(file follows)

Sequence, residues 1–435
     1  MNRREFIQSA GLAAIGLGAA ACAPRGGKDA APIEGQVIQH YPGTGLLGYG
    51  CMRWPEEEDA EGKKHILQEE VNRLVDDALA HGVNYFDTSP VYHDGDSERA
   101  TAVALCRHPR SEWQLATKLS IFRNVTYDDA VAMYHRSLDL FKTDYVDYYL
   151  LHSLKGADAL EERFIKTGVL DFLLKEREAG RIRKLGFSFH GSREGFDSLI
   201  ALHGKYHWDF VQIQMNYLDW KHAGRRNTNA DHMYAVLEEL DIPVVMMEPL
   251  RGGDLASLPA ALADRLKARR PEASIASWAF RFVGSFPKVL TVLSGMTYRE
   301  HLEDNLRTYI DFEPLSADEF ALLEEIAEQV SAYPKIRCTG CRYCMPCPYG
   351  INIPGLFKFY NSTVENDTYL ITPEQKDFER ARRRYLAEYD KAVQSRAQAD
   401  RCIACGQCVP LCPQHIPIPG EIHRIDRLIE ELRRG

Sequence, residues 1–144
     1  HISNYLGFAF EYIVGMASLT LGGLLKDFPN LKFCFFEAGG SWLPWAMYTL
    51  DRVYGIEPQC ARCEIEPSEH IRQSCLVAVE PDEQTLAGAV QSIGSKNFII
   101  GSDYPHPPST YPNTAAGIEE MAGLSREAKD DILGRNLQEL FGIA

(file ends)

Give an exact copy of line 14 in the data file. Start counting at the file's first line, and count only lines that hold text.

   101  GSDYPHPPST YPNTAAGIEE MAGLSREAKD DILGRNLQEL FGIA